Case Evaluations (MSPB Appeals)
The Attig Law Firm does charge a consultation fee for Federal employees or postal workers filing an MSPB appeal of OPM's denial of their application for disability retirement. We charge this fee for a couple reasons, but primarily to defray the overhead involved in previewing your case, collecting the documents to do a reasonable review of your case, and the Firm and attorney’s time in preparing to give you a good assessment of your case during an initial consultation. I think that you will find that a consultation with the Attig Law Firm is a much different experience than a consultation with any other Firm - you will get a good deal of information about the law and process, candid and practical assessments of your case, and probing questions and analysis of the weaknesses of your case.
Before the consultation, my staff will collect, from you, copies of OPM’s correspondence, your application for benefits, your position description and certain medical documents. I will review these documents before talking to you so that I am as informed as I can be about your case before our phone consultation. After reviewing these documents, I can advise you on where I think things have gone wrong for you and if (or how) the situation can be legally fixed. Check in with us to confirm our consultation fee.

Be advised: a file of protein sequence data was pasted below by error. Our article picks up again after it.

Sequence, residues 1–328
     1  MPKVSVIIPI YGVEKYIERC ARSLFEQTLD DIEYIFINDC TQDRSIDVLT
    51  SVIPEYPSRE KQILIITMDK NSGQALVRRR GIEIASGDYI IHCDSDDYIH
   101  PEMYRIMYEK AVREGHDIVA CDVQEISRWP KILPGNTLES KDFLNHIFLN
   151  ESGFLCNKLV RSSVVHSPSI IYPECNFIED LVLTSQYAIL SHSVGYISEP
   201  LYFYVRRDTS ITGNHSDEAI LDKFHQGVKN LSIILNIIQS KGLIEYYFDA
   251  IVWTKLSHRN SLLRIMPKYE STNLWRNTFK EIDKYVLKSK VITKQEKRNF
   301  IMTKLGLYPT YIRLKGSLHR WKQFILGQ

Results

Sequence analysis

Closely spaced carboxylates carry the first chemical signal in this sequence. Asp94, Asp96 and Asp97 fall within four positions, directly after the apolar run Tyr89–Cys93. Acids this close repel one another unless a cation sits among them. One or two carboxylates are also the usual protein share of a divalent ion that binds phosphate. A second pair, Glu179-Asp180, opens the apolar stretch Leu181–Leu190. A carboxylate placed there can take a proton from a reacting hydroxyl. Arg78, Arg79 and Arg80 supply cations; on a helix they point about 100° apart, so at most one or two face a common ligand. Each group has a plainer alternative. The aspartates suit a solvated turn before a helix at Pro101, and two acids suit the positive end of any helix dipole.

Cost for Initial Applications for Federal Disability Retirement.
If the Firm is able to assist you in preparing and filing your first application for federal disability retirement, then we will quote a fixed-fee for this service. This fee will be a one-time payment to the Firm; we will prepare the forms, working with you and your medical care providers to get the relevant records and, if necessary, medical opinions about your medical condition's impact on your job duties; we will work with your Agency to get the supervisor's statement and other necessary documentation, etc. Lastly, we will submit the application and correspond with OPM throughout the application process. If you are denied federal disability retirement, we will request reconsideration and supply any additional evidence that the OPM requests.